The purpose of this study was to review the factors affecting the 5-year survival rate of Tis-2N0M0 early glottis cancer and to prove the oncological safety of different treatments. In our hospital, our methods for the treatment of early glottic cancer include radiotherapy, laryngeal laser microsurgery and open surgery. In this study, we tried to assess prognostic factors, including gender, age, treatment, T-stage, pathological grade and anterior commissure involvement.

Methods

Patients

144 patients with early glottic cancer were analyzed retrospectively. These patients had complete data and follow-up records. In this study, the stage of tumor was determined on the basis of the clinical findings and classified according to the criteria of the Union for International Cancer Control (UICC). All patients were clinically node-negative. The tumor status was evaluated by routine Computerized Tomography (CT)/Magnetic Resonance Imaging (MRI) and fiberoptic laryngoscopy under local anesthesia.

Treatments

The study included 132 males (91.7%) and 12 females (8.3%), aged 39 to 83 years, with a mean age of 52.4 years. A preoperative CT or MRI was performed in all patients to rule out any infiltration of the cartilaginous framework. 53 patients underwent open surgery (including total laryngectomy in 4 cases, partial laryngectomy in 49 cases), transoral CO2 laser microsurgery in 46 cases and radiotherapy in 45 cases (Table 1). No patient underwent prophylactic neck dissection. 45 patients received radiotherapy. The total dose was 66 Gy, 2.0 Gy per day for 33 treatments. The course of treatment was 7 weeks. During the treatment, radiation oncologists and otolaryngologists evaluated tumor regression by laryngoscopic examination. Each patient was examined once a month in the first year, every 3 months from the second to the third year, and every 6 months thereafter. Fiberoptic laryngoscopy was performed at each revisit. When follow-up laryngoscopy detected a suspicious lesion, biopsy specimens were examined to rule out tumor recurrence. The patients were followed up for 26 − 84 months, with an average follow-up period of 62.9 months. The diagnosis of local recurrence includes clinical examination, pathological diagnosis and fiberoptic laryngoscopy under local anesthesia.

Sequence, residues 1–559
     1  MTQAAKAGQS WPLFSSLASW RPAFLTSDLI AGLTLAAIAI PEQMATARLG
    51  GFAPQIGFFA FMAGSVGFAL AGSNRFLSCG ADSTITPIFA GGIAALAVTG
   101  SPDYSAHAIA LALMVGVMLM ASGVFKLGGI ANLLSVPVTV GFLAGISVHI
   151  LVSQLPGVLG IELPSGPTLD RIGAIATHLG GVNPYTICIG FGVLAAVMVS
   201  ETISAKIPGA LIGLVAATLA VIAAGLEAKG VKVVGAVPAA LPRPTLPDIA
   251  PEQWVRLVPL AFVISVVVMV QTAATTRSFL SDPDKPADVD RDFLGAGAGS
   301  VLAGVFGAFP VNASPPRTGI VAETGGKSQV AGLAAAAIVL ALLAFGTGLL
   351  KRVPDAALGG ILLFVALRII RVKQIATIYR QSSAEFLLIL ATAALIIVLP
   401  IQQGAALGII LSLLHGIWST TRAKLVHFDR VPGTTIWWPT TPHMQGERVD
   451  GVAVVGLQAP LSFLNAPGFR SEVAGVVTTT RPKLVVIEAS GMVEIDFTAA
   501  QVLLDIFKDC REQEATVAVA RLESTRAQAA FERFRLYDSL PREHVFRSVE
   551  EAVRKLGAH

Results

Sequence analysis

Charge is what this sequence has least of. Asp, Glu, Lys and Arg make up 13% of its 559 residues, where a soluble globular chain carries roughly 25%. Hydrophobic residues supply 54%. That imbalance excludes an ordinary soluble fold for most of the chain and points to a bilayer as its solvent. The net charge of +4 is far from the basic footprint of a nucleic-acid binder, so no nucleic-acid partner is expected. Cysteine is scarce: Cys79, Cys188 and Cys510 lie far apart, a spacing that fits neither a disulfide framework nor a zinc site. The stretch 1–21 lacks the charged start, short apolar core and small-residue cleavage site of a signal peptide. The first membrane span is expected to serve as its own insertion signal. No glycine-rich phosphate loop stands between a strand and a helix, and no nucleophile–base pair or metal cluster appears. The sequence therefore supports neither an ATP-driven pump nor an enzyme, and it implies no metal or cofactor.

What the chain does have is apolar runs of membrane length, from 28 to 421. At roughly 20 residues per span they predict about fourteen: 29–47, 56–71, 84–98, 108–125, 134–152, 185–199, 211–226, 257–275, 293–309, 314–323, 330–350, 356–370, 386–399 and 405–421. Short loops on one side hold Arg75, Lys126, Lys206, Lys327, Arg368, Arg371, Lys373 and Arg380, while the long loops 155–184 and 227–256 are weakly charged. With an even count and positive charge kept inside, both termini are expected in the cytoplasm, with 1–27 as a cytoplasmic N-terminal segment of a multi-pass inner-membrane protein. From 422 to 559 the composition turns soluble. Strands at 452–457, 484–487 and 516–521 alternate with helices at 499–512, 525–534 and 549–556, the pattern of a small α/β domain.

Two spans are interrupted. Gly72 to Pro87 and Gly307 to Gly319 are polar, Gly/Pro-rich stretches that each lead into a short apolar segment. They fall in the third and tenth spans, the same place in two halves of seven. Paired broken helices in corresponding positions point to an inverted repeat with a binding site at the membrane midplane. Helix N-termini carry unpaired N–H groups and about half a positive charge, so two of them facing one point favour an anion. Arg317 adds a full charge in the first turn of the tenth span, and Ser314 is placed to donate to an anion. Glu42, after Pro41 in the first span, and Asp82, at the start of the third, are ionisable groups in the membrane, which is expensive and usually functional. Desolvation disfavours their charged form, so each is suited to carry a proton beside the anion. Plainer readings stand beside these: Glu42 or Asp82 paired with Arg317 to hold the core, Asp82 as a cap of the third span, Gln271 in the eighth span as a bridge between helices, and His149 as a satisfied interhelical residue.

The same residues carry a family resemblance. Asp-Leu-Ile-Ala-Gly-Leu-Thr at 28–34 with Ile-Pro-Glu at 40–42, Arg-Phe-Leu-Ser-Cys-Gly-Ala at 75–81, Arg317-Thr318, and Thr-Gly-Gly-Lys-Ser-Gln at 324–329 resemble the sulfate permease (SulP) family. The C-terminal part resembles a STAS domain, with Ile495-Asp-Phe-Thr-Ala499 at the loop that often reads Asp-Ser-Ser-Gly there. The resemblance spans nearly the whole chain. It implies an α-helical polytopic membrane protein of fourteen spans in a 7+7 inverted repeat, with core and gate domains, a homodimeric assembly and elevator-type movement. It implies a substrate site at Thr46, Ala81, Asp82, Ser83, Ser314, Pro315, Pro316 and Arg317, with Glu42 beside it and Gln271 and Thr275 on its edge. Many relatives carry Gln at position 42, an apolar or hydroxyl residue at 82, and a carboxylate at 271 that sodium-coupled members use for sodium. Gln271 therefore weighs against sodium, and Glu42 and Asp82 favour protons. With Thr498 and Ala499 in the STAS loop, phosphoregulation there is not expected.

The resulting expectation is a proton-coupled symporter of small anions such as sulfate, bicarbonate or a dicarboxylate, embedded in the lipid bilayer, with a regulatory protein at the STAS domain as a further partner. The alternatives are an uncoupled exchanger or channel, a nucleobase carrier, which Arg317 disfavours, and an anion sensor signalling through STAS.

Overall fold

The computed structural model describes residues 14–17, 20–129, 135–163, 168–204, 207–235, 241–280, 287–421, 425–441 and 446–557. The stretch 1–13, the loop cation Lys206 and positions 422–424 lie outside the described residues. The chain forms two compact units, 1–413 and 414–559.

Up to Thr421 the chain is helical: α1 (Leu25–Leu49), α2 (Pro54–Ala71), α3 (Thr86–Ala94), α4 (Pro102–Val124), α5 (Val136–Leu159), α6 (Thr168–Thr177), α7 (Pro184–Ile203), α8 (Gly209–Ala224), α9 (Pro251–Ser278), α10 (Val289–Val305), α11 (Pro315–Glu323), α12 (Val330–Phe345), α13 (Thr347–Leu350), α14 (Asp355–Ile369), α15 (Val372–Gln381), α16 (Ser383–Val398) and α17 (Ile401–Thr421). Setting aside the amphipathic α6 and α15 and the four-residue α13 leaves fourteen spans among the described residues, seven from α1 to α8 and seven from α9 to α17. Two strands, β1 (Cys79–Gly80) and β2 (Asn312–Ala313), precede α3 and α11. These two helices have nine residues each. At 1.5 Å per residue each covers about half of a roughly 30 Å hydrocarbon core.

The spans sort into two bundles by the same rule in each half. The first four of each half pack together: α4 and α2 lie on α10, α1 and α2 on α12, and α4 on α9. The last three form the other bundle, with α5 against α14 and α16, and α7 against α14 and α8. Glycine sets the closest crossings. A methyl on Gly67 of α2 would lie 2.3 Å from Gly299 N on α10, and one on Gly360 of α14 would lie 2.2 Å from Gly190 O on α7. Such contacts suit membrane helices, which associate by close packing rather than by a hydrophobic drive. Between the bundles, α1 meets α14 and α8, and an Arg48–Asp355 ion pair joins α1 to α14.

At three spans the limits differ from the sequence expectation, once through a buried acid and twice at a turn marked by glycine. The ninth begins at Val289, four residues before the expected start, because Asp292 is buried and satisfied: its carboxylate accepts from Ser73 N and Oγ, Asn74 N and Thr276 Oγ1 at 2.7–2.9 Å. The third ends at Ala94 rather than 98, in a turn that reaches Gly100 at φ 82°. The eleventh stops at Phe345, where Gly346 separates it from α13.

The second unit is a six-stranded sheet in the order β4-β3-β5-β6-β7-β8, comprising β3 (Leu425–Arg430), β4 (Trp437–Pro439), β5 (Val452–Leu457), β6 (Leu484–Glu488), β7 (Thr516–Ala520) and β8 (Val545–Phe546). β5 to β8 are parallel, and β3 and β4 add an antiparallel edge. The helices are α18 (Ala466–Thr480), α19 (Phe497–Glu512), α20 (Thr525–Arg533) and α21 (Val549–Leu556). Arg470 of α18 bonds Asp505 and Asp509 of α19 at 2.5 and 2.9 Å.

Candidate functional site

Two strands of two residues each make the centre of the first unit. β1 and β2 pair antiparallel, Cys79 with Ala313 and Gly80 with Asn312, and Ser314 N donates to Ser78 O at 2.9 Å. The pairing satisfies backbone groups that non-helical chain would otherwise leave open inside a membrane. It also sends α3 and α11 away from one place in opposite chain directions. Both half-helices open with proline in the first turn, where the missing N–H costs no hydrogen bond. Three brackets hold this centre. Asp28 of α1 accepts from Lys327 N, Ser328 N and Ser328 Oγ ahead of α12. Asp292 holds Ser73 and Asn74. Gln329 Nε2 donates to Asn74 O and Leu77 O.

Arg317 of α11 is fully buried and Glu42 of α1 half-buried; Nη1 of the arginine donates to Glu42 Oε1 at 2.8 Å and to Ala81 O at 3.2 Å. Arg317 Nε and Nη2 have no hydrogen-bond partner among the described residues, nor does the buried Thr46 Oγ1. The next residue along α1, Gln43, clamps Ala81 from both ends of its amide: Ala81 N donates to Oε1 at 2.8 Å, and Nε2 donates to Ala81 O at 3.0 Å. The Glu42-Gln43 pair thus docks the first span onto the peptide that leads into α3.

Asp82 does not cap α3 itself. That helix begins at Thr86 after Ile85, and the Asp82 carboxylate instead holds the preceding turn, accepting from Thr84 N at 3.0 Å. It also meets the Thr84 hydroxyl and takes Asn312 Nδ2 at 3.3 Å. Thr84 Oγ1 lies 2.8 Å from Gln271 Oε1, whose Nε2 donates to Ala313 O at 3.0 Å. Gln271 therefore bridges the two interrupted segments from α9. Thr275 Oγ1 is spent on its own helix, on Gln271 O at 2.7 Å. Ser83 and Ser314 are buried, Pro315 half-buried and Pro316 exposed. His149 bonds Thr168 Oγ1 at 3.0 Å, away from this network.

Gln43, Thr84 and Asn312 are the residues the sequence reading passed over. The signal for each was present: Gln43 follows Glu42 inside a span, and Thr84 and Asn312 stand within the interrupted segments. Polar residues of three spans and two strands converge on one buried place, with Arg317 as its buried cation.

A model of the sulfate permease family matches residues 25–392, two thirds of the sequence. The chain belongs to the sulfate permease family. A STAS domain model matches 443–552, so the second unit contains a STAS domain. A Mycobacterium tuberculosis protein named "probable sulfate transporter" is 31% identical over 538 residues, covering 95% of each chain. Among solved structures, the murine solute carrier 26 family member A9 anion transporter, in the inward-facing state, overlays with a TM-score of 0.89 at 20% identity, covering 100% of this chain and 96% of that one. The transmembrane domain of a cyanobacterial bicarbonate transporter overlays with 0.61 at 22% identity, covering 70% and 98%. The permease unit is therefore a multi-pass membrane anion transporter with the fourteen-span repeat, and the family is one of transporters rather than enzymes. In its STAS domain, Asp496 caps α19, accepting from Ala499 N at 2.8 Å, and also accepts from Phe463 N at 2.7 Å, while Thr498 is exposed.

Table 1
Distributions of GC patients according to the UICC 2002 staging system (n).

Statement of ethics

All experiments have been approved by the ethics committee of Heping Hospital Affiliated to Changzhi Medical College (nº 2019006) and conform to the guidelines of the local ethics committee.

Statistical analysis